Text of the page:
When Kilner returned to serve The Dowager Countess of Hampton, Jane Braeden, the earl instructed him to ready the private coach for the day's outing. A whole day! I should carry a bottle of brandy.
The countess was tenacious, headstrong and thought she was the head of Hampton , everybody let her, including Braeden. He loved his grandmother and she knew it well and took advantage of the fact. When his patience allowed, he allowed her to treat him like he was still only twelve summers old. She was sixty years into her dish and still strong as an ox. She had become both mother and father to Braeden when his loving parents died in a fatal carriage accident.
His grandmère taught him everything he knew. How to be a gentlemen. How to lavish a gentle lady with care as if she was a rosebud, though he did not always follow that advice strictly. She had even give him the talk at age fourteen. She had hired prestigious gentlemen of the ton to take him through the ropes at Whites, Almack's and game hunting. By the time Braeden was eighteen summers old, he was a strapping, well build, sought after gentleman in every mother's invitation list. It had not stopped to this day when he was currently eight and twenty.
It was an open secret to every staff member that Jane Braeden loved her grandson, but she never openly displayed it. She was proud too of Braeden's prosperity in his own right. Braeden was wealthy. He rented horses, carriages, chaises, many of his property and made lucrative income for his estate through various streams of income.
Braeden would inherit a staggering amount of wealth and countless more properties from Jane Braeden when he took to wife. An earl with lavish tastes as him, could not have too much wealth. And it was proper for a titled gentleman of the beau monde to take a wife and produce heirs for the continuity and success of the earldom. Yet it rankled him to no end to have his grandmother harp on it time and time again. He will choose a countess for himself when he was good and ready not when she dictated and he was not ready now! So why was the image of a sultry blond with the most fine blue eyes burning up inside him? Furious even with himself he shoved his chair back in the most ungentlemanly manner.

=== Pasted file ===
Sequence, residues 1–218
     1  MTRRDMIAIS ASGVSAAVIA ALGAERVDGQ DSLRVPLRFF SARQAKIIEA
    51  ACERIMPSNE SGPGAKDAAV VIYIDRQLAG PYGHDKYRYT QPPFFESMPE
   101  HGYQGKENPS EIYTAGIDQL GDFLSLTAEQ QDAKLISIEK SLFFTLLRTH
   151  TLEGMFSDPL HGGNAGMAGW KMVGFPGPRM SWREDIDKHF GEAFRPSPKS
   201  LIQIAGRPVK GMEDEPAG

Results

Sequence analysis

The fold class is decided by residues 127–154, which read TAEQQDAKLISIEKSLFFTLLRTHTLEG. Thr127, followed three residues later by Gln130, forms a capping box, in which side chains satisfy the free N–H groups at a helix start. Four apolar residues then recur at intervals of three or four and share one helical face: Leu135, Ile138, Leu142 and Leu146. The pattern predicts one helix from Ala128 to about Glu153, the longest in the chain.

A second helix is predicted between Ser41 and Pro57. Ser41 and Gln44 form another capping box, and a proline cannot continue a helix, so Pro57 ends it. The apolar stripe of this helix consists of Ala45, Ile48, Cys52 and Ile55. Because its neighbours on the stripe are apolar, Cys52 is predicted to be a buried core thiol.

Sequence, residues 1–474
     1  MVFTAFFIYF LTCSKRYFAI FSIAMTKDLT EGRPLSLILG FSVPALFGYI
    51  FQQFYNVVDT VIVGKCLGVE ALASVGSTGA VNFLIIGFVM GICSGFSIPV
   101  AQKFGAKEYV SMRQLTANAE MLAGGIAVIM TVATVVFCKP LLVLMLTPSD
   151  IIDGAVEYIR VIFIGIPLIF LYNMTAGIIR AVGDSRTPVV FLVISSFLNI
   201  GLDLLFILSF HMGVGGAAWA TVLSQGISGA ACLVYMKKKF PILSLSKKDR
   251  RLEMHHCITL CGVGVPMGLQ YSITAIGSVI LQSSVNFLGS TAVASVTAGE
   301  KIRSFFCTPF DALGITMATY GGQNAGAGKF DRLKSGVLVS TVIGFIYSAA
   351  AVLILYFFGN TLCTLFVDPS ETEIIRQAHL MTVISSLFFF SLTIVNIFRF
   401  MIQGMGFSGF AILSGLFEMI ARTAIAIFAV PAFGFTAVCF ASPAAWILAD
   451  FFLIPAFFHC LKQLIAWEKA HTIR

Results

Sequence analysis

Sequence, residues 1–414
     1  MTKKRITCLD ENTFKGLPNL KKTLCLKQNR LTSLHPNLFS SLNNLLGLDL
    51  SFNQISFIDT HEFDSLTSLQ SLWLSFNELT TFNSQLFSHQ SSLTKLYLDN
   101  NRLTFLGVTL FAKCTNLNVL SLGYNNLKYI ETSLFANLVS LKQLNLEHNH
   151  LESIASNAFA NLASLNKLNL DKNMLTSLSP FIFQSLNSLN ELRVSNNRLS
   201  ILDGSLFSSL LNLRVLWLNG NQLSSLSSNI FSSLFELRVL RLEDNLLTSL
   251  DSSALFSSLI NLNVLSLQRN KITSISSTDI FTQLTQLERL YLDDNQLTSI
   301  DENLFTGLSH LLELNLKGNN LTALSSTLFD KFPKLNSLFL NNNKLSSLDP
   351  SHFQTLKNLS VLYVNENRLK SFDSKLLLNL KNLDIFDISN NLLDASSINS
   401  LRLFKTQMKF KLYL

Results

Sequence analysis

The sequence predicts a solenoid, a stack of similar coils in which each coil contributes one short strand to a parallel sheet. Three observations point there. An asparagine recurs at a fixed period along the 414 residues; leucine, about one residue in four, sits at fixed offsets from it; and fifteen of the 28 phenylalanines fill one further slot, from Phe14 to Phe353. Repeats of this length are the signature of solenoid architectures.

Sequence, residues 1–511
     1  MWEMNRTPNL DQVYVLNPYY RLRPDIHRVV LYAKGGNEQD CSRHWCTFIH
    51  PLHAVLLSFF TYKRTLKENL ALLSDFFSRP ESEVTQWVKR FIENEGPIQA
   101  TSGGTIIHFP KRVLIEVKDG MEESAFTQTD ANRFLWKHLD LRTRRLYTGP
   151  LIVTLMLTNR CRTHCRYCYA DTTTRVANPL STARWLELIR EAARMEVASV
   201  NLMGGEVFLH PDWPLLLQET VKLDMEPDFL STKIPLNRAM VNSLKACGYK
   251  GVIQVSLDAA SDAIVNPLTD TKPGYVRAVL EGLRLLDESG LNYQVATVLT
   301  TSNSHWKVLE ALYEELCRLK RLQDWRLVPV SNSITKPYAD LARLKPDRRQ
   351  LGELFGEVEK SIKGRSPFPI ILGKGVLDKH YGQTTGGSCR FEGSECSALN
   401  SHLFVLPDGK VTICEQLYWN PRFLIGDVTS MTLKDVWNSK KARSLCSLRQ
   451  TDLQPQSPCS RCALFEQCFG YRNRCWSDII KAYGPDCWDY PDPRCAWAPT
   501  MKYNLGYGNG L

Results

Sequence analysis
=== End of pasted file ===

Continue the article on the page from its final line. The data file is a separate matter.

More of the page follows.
'I hope Braeden when make calls today, you will finally select a wife,' Jane warned. She rattled off a list of names, too many to mention. The thought of seeing some of those maidens left a foul taste in his mouth. 'They are well bred and come with impressive dowries.'
Braeden glared at his grandmother in what he hoped was his most fearsome scowl. 'We are not buying horseflesh grandmère. I will not be rushed.'
'I am at the end of my tether with you lad!' You made the same excuses last year and the year before. I should just give away your inheritance,' she threatened.
Braeden stood up angrily. 'Hand my parents wealth and my inheritance back to the crown, if you must,' he responded indifferently. You will not force my hand.'
Yet silently Braeden knew he would defer to her command. He would never want to see disappointment in his dear grandmère's eyes. He had not seen it once in his eight and twenty years. He was a responsible earl. He knew his God given duty. He never shirked his duty.
'I will be waiting for you in the coach,' he stormed out.
Lady Fulham was escorting both her daughters to the modiste on High Street when Emma decided to engage her subdued younger sister in conversation.
'So did anybody take your fancy last night? Emma enquired of Fallon.
Fallon tried to banish the dark brooding eyes and the almost successful lips from her mind but it seemed to be a hard task, but she was determined to wipe him off her slate.
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The Rebellious Lady Fallon: Historical FictionHistorical Fiction
Lady Fallon Brightmore secretly thought the Earl of Hampton, Braeden Kerrich, rather dashing. But at their first encounter, it was to her elder, fair sister that he smiled with the attraction a gentleman has for a lady. Lady Fallon felt crushed an...